A lost connection

Administration ends Wi-Fi access to students


Students are no longer allowed access to the internet through the STUDENT-NET WiFI. This decision materialized after discussion about the amount of bandwidth being used for non-instructional purposes.

Story by Joseph Rodgers and Victoria Van

UPDATED – With the 2018-19 school year right around the corner, administration has decided to discontinue Internet access to students through the STUDENT-NET Wi-Fi. The decision comes after TISD officials discovered that student uses of the bandwidth for non-educational purposes was competing with technology in the classroom.

“We have a limited amount of bandwidth for the district and for our campus,” principal Carla Dupree said. “When students would use their phones, our bandwidth would go down because of the streaming of [media] and the use of websites not for instructional purposes. It was limiting what we could do with instructional technology because of [excessive] recreational use.”

From one teacher’s perspective, the practicality of technology is dependent on Internet access. Students were able to access the Wi-Fi for classroom use during the previous school year, but now that privilege is lost.

“The decision definitely placing students on an imbalance field, I think it’s a level like where, where when we had the Wi-Fi, everybody had equal access to research internet and so forth,” debate teacher Amy Kemp said. “But again, I can see the other side in that too much bandwidth was being used for Netflix and other applications.”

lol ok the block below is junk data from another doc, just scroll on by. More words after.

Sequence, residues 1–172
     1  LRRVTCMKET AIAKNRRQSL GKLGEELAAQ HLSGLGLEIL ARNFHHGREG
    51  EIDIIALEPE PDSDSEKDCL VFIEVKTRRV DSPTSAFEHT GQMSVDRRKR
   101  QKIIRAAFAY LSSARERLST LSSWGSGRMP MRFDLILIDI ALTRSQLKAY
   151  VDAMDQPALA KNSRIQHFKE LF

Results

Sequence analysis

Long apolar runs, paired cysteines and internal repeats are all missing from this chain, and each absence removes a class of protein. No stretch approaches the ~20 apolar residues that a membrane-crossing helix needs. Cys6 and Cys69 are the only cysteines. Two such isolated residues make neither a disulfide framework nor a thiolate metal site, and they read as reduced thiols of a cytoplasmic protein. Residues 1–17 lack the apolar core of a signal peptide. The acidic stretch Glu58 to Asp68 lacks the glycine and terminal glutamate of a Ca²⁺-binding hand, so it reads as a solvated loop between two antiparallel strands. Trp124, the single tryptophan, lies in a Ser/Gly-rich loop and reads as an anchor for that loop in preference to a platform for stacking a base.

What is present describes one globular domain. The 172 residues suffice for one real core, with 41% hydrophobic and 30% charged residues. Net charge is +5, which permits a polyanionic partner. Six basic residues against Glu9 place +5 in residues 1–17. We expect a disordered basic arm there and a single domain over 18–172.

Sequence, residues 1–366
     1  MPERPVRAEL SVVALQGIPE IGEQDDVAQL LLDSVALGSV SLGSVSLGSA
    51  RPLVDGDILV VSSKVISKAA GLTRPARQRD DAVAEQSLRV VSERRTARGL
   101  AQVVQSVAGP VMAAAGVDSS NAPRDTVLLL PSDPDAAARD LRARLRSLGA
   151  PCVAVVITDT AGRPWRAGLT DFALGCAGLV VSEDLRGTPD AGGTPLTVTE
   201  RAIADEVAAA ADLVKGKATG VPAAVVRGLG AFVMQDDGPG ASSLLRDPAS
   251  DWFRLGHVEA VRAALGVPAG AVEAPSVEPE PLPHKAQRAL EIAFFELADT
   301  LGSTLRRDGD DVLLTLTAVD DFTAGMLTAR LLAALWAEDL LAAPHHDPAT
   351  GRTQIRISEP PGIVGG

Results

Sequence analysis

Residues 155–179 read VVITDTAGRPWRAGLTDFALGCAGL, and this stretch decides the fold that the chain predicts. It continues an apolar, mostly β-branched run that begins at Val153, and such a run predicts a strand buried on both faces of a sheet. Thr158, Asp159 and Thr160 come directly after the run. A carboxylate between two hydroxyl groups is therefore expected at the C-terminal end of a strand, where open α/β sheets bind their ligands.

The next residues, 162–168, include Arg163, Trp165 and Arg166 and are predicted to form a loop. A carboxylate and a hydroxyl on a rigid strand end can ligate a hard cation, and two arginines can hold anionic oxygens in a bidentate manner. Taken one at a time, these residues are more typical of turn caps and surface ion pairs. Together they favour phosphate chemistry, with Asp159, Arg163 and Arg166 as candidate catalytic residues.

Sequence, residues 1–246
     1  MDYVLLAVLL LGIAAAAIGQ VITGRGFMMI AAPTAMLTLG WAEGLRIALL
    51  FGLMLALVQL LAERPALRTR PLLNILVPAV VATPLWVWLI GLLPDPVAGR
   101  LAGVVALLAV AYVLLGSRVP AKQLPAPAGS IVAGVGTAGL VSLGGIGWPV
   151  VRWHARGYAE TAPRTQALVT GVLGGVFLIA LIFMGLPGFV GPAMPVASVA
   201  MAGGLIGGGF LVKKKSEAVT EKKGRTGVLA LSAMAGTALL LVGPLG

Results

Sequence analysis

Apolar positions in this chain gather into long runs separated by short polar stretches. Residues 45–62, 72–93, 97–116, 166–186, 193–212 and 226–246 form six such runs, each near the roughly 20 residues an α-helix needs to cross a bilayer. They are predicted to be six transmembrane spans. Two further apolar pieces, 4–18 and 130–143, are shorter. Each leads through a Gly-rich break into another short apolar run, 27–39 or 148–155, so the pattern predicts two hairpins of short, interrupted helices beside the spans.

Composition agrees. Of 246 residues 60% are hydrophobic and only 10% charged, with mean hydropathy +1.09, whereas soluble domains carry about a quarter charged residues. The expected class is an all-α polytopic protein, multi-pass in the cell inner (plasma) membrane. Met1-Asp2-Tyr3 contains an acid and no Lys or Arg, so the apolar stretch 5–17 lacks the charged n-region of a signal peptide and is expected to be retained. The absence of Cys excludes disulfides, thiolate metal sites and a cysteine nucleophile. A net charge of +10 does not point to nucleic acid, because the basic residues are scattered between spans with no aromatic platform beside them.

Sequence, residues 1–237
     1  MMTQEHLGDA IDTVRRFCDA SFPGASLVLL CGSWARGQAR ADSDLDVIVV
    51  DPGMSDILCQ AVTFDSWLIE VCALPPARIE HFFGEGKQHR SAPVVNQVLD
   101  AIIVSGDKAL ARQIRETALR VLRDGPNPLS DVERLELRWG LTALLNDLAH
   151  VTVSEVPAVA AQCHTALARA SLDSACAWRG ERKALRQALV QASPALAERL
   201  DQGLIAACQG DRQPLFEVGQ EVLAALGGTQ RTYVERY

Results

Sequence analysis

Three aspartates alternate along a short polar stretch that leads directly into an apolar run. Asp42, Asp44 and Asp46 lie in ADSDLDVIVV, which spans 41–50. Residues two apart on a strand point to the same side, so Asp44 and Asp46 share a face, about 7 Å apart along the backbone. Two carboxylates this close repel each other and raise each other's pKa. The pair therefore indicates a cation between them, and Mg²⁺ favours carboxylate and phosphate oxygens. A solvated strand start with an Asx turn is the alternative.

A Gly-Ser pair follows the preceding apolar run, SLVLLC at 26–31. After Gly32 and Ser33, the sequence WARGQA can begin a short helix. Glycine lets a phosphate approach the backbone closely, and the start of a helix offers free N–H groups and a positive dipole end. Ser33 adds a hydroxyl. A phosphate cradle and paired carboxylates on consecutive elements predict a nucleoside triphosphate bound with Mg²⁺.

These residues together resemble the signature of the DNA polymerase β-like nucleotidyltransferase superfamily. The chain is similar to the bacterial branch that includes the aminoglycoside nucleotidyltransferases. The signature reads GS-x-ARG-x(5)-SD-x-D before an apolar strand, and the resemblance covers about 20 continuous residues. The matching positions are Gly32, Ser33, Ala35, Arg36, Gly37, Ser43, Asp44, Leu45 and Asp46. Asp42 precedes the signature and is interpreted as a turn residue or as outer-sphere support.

On the other hand, other teachers believe that the situation will improve the learning environment.

“I feel like it is a good thing,” Upchurch said. “Perhaps when you have students more focused in their learning, and when teachers don’t have to spend as much time trying to deal with the cell phone issue, you can involve more students in the learning process than before.”

Students are divided on the issue depending on their view of how resources such as cellular data and classroom technology will be available and reliable.

“I have mixed feelings because some students who don’t have sufficient cellular data can’t use phones in educational purposes,” senior Alex Cannon said. “On the other hand, the network was being abused and this made it difficult to complete online homework assignments during designated working times.”

Smartphones will still be allowed in the classroom at certain times for educational use if the user is willing or able to use cellular data for classroom activities such as “Kahoot!” if other technology is not available.

“[Students] can still be on their phone if they have data and at the appropriate times,” Dupree said. “However, a lot of the things that is instructional that [a student] could use on their phone can also be used on a Chromebook as well, so we are trying to help bridge that gap.”